"<i>Any city / tourist pass cards you recommend given what we plan to visit ?</i>"

No city passes, though depending on what ends up on your final itinerary, the Great British Heritage Pass is very good. It covers places like Blenheim Palace, Warwick Castle, Stonehenge, the Roman Baths . . .

texasbookworm Feb 14th, 2010 11:44 AM

Definitely look into the Great British Heritage Pass; I think it will pay for itself.

Definitely wait to buy London public transport card/pass upon arrival and avoid postage (and maybe some other fee)---Counter at LHR will be easy--and agents helpful. Oyster cards with pay-as-you-go money loaded on them don't have time limits. You just load whatever amount you want on them; the money stays on there until you use it or turn the card in upon leaving and get your refund. You may want to load a 7-day-pass onto the plastic Oyster card; it seems that many people do that instead of loading money covering estimated amounts needed (pay as you go). You MAY want to also buy a 7day PAPER travel card FROM A RAIL OFFICE when you return to London--it will enable you to use the 2for1 offers; it does have time limit.

If a man is tired of London he's tired of life said Dr. Johnson, but 9 days will be plenty of time to get done what you list.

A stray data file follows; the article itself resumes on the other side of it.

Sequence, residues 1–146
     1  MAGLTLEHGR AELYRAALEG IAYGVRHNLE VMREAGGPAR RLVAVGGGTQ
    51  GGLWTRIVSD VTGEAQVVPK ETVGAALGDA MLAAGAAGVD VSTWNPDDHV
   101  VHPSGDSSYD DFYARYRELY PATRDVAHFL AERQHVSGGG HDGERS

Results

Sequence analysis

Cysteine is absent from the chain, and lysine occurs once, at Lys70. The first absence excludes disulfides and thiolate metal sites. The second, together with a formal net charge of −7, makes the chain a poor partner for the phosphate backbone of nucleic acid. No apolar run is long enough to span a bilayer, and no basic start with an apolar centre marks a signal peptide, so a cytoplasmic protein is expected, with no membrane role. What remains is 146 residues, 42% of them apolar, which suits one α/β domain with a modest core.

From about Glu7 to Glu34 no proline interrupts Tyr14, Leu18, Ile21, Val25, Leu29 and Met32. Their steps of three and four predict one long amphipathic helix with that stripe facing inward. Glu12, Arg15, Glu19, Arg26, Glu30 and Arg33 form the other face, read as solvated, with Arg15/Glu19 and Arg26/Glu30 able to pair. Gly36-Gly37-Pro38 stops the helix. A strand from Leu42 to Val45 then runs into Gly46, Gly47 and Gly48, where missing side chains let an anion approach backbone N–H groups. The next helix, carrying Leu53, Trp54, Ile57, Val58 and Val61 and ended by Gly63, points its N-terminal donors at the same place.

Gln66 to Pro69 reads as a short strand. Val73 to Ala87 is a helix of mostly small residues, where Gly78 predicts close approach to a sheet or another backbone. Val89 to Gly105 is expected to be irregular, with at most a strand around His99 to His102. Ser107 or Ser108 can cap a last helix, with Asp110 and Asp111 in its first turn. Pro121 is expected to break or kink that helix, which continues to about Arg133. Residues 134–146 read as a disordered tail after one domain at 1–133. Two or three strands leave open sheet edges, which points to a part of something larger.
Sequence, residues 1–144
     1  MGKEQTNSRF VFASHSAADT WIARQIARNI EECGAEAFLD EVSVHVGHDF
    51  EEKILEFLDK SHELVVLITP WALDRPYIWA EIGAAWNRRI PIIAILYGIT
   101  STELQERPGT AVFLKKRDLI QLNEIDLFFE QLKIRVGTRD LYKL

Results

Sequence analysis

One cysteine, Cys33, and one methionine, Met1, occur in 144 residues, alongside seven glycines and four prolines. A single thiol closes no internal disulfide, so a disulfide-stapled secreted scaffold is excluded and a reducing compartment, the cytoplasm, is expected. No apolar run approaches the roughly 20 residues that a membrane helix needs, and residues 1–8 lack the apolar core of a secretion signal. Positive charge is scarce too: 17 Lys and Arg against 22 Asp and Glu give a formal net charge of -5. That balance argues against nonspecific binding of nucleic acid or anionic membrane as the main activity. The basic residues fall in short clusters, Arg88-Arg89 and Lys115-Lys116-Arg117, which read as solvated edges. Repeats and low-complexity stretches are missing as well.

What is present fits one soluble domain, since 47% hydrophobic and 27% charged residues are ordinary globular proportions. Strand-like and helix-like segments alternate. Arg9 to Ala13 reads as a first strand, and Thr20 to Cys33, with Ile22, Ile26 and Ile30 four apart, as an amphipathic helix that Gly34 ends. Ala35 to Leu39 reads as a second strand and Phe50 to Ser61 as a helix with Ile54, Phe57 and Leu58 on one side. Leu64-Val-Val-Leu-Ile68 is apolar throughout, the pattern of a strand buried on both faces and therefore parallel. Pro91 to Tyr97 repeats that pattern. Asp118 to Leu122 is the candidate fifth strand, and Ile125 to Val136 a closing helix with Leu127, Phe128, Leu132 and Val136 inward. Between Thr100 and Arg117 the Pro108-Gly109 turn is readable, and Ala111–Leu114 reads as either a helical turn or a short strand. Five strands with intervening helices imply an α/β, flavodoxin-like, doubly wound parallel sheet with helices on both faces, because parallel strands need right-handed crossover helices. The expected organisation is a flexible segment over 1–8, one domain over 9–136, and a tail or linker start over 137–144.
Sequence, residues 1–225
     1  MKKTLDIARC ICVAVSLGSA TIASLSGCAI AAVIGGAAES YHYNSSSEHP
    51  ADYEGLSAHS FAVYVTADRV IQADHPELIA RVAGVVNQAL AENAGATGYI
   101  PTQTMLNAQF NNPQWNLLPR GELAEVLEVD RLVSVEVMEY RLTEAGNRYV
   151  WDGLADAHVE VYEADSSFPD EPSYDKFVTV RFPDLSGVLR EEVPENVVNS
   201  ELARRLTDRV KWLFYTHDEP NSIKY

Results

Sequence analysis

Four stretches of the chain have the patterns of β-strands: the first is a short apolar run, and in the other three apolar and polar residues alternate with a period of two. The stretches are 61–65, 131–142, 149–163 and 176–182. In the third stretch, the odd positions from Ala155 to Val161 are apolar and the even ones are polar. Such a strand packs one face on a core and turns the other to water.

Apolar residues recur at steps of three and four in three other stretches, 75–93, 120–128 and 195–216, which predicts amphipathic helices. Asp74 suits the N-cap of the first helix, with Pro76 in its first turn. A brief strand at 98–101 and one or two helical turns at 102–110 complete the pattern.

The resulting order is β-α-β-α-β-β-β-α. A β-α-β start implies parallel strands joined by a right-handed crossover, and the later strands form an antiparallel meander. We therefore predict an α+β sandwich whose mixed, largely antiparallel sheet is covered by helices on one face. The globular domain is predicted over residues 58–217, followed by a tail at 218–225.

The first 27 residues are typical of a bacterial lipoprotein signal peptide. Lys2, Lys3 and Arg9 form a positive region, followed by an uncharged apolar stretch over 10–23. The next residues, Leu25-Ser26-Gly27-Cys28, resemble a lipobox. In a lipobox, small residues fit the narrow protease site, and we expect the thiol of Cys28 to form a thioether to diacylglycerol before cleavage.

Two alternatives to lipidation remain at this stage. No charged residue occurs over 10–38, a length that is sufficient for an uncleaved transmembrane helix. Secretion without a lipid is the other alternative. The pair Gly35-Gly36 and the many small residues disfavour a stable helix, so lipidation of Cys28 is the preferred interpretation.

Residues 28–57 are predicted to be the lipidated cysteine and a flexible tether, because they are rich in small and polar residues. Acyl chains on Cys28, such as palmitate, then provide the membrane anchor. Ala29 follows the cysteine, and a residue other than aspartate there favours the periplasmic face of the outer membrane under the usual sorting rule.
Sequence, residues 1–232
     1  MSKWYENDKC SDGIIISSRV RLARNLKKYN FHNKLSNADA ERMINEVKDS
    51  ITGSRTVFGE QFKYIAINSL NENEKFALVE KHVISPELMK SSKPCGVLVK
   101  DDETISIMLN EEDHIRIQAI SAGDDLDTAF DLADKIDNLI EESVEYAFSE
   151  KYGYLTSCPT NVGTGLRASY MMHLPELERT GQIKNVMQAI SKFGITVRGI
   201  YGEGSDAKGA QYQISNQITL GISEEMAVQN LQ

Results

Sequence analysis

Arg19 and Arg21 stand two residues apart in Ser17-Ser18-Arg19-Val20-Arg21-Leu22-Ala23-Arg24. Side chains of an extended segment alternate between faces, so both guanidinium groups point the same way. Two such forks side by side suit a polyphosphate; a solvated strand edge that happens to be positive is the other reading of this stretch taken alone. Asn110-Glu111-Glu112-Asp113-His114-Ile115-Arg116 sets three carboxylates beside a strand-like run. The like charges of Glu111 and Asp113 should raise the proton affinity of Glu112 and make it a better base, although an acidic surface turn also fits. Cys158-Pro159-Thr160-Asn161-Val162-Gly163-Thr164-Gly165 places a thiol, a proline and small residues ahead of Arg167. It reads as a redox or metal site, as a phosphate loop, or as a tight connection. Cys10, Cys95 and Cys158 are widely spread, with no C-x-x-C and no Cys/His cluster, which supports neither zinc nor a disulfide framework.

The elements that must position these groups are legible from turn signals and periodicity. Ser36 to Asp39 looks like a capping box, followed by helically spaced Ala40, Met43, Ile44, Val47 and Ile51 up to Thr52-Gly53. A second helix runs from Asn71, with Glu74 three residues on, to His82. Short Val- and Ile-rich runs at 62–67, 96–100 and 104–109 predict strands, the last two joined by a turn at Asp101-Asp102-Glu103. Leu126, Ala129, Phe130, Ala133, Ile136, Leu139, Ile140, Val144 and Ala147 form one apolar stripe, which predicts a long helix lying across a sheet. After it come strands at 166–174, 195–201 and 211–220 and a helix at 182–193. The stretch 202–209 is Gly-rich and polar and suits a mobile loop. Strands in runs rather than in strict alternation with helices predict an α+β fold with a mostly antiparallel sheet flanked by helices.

Castles--The Tower for sure; Warwick was lots of fun!

BKP Feb 14th, 2010 01:48 PM

Is there a reason for going into London for the weekend and then beginning your road trip? Another option would be to pick up your hire car at Heathrow and drive to Windsor. There is plenty to do there. The next day you can get started on your road trip and you won't have back tracked. Although I've never done it, this plan is often recommended here on Fodor's.

The value of a pass will be determined by what you want to see! I would plan your itinerary based on what you want to see -- then go back and see if the pass makes sense. I wouldn't want to buy a pass and then try to visit things just because they are covered, to get my money's worth.

Castles. My family breaks the castles down into roughly 3 categories: